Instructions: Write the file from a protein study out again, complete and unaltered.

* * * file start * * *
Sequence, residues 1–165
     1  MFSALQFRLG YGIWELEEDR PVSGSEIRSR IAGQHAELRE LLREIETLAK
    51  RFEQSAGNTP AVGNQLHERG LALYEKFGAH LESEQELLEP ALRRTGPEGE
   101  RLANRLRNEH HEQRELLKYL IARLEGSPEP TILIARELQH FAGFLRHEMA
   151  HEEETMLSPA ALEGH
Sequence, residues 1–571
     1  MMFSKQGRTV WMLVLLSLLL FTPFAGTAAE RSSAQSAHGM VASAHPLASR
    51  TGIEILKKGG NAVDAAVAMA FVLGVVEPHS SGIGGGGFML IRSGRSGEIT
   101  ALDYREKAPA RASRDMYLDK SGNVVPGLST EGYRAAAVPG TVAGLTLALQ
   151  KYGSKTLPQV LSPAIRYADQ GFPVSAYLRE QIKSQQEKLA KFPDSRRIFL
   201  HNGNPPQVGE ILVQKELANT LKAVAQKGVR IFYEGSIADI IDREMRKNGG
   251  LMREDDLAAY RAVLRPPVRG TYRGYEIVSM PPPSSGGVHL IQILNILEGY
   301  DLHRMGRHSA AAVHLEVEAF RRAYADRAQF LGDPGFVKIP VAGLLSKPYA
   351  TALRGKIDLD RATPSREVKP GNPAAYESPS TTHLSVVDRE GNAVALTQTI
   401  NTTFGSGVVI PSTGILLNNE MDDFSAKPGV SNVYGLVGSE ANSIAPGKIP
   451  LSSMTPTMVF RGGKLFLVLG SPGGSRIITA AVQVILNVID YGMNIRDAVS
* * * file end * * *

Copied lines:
Sequence, residues 1–165
     1  MFSALQFRLG YGIWELEEDR PVSGSEIRSR IAGQHAELRE LLREIETLAK
    51  RFEQSAGNTP AVGNQLHERG LALYEKFGAH LESEQELLEP ALRRTGPEGE
   101  RLANRLRNEH HEQRELLKYL IARLEGSPEP TILIARELQH FAGFLRHEMA
   151  HEEETMLSPA ALEGH
Sequence, residues 1–571
     1  MMFSKQGRTV WMLVLLSLLL FTPFAGTAAE RSSAQSAHGM VASAHPLASR
    51  TGIEILKKGG NAVDAAVAMA FVLGVVEPHS SGIGGGGFML IRSGRSGEIT
   101  ALDYREKAPA RASRDMYLDK SGNVVPGLST EGYRAAAVPG TVAGLTLALQ
   151  KYGSKTLPQV LSPAIRYADQ GFPVSAYLRE QIKSQQEKLA KFPDSRRIFL
   201  HNGNPPQVGE ILVQKELANT LKAVAQKGVR IFYEGSIADI IDREMRKNGG
   251  LMREDDLAAY RAVLRPPVRG TYRGYEIVSM PPPSSGGVHL IQILNILEGY
   301  DLHRMGRHSA AAVHLEVEAF RRAYADRAQF LGDPGFVKIP VAGLLSKPYA
   351  TALRGKIDLD RATPSREVKP GNPAAYESPS TTHLSVVDRE GNAVALTQTI
   401  NTTFGSGVVI PSTGILLNNE MDDFSAKPGV SNVYGLVGSE ANSIAPGKIP
   451  LSSMTPTMVF RGGKLFLVLG SPGGSRIITA AVQVILNVID YGMNIRDAVS